|At Moragahakanda, a dam was built at Elahara across the Amban Ganga to create a reservoir. A second dam will be built at Pallegama in Matale across Kalu Ganga to create the Kalu Ganga reservoir. These two larger water bodies are about 10 kilometres apart and will be linked by a tunnel.
The project aims to provide water for drinking and irrigation for areas in Anuradhapura, Polonnaruwa and Trincomalee districts. The project also includes a hydropower plant to generate 25 megawatts of electricity.
About 3,500 families had to be resettled due to the project.
It is estimated that 70 per cent of the area affected by the project is forested land and it is believed that the conflicts between elephants and humans will increase. As the project aims to take water to Rajarata, tanks like Minneriya will remain filled during the dry season that lasts from July to about November. Minneriya National Park is famous for being the gathering place of large numbers of elephants every year between June and September. Environmentalists say that Minneriya being filled would be detrimental to the large herds of elephants that come feed on the lush grass growing on the plains in the dry season.
During Workshop on the Policy for the Conservation and Management of Wild Elephants organized by WNPS on 24th January, the repercussions of the plan to keep the Minneriya Tank at spill level throughout the year from recently commissioned Moragahakanda project was highlighted. Herewith I’m sharing my past articles written on the same to renew the debate..!!
* “Is it too much ‘Water for Elephants’..?” (08.05.2011)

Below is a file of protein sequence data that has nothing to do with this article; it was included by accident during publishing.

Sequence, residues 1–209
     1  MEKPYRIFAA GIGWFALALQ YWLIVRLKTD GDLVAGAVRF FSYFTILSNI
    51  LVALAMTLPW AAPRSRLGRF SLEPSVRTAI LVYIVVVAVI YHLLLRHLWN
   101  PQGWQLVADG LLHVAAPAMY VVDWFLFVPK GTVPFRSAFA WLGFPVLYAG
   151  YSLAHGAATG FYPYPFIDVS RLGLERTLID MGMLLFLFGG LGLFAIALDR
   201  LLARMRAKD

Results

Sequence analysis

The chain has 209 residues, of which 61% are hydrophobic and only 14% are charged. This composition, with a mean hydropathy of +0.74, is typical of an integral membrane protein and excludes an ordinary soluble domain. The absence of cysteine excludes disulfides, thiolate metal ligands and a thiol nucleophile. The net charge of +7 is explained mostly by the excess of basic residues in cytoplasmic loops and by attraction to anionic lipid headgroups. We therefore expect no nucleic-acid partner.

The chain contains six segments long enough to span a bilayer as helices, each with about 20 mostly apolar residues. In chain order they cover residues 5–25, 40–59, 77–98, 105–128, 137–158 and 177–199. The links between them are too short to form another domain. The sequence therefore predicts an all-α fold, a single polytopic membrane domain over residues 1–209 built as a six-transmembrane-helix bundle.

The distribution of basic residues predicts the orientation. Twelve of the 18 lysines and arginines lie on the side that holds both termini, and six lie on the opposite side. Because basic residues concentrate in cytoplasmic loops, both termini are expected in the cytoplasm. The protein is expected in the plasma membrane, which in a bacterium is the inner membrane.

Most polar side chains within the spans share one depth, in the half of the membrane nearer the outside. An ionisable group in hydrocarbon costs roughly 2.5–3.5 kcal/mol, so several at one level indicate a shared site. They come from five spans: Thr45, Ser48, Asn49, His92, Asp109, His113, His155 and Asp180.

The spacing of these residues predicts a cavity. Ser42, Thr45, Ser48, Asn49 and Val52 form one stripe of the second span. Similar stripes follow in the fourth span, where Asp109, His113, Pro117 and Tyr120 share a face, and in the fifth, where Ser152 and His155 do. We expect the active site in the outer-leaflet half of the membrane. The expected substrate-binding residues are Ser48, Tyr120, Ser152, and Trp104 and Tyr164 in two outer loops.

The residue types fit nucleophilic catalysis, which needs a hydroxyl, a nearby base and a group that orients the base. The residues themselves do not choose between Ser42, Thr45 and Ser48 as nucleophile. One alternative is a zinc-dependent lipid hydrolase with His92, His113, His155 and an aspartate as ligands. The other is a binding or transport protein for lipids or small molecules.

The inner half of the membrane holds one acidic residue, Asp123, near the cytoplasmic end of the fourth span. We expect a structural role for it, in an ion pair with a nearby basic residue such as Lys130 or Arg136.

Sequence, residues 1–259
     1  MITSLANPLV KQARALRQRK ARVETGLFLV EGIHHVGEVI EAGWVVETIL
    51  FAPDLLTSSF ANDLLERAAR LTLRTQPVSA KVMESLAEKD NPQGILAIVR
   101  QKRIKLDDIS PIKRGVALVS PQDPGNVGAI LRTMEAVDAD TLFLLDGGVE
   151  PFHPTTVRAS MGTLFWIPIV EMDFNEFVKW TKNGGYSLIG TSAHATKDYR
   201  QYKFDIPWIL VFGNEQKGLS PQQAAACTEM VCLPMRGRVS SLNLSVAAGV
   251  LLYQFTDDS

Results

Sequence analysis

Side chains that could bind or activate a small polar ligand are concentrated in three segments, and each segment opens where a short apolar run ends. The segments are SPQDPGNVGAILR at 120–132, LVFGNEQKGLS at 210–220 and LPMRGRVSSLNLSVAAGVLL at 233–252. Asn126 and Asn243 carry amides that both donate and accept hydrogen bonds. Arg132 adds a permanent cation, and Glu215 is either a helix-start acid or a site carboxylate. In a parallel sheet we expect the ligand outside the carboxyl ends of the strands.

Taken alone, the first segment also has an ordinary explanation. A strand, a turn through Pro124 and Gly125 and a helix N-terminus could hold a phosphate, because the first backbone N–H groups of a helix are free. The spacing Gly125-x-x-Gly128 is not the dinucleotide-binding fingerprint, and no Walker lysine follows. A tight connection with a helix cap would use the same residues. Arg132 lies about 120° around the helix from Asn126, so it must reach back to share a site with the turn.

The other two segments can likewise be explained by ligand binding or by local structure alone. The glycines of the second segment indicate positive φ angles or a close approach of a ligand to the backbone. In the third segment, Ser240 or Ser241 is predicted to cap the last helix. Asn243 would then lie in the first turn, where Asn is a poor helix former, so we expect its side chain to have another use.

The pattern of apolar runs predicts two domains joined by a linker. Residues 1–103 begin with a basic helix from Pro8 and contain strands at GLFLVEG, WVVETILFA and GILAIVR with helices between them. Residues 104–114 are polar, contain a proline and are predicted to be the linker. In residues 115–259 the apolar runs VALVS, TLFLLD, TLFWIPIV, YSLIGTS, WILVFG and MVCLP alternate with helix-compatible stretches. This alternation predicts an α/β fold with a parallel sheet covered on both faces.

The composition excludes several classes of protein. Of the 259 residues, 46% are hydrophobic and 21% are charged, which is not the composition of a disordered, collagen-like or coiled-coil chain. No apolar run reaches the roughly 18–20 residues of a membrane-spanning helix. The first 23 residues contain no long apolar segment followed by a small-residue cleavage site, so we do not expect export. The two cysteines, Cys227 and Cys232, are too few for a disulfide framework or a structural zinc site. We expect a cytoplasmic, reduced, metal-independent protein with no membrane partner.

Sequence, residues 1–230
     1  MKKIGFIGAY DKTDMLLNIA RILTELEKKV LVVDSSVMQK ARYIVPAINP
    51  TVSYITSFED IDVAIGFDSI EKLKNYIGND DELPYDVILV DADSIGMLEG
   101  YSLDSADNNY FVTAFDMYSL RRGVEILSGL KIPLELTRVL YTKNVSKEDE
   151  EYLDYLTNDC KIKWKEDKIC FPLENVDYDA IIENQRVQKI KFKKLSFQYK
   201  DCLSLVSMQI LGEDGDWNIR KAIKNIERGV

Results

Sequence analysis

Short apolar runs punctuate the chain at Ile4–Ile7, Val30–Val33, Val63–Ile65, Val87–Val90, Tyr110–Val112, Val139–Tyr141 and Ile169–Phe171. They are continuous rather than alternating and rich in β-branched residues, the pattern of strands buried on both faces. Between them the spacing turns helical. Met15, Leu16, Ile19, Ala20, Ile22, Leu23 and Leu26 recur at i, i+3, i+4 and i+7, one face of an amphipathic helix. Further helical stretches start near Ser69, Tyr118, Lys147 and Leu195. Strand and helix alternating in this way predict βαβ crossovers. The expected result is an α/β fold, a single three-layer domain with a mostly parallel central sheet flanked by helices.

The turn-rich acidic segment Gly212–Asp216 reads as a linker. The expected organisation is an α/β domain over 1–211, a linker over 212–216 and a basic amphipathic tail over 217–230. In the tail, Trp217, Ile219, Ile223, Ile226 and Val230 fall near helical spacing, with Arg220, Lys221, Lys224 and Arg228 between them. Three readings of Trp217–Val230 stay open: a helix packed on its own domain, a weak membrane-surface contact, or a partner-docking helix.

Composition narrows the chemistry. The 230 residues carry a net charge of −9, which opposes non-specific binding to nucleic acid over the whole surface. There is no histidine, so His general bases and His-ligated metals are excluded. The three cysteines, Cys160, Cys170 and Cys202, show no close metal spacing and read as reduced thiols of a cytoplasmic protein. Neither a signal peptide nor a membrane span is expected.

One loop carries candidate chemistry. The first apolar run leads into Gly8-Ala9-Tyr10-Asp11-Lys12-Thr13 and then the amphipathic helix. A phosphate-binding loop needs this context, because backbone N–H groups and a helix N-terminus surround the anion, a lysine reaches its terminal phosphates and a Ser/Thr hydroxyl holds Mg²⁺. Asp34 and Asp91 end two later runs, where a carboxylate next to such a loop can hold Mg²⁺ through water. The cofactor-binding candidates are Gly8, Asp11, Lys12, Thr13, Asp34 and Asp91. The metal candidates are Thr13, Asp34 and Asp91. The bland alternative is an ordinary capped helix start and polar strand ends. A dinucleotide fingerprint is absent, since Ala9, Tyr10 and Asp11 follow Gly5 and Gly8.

..sections of following articles also highlighted the issue.
* “Don’t leave conservation solely to Wildlife Dept: Former DG Pilapitiya” (25.09.2016)
* Minneriya gathering may turn sour for elephants (22.01.2017)
Small creatures of Moragahakanda get a helping hand
Operations to rescue and relocate small wild creatures trapped by the waters of the Moragahakanda reservoir are continuing.
Filling of water at the reservoir began on January 11. Department of Wildlife Conservation officers with support from volunteers began rescuing wildlife species that had been trapped by the rising waters.
“Giant squirrels, squirrels, wild cats, reptiles, lizards, monitor lizards and snakes top the list of animals that we rescued,” says Wildlife Department’s chief veterinary surgeon, Dr Tharaka Prasad who led the rescue.
These operations are sometimes risky. Video footage show occasions when frightened animals could endanger rescuers. Dr Prasad said rescued animals were released into nearby forested areas that will not be affected by the waters.
He said rescuers had so far not seen any large animals such as deer, wild boar, and elephants. He believes large animals have already moved to safer ground. The filling of the reservoir has created 22 small islands which could become refuges for animals.
Earlier, a team lead by the IUCN Sri Lanka (International Union of Conservation of Nature) carried out animal rescues in the area. IUCN Sri Lanka’s Sampath Goonatilake who participated in the operations said a number of plant species that are important and threatened were translocated. The team had also relocated some freshwater fish.
According to IUCN, 80 animal species and 202 different plant species were identified from the affected area. The operation translocated 916 plants belonging to 58 species and a total of 2,414 animals belonging to 46 faunal species (fish and other species) according to IUCN. It also states that monitoring reveals an 84 per cent survival rate of transplanted plant species.
Dr Prasad of the Wildlife Department, said officials will account for the animals saved once the rescue is complete.
Published on SundayTimes on 22.01.2017 http://www.sundaytimes.lk/170122/news/small-creatures-of-moragahakanda-get-a-helping-hand-225706.html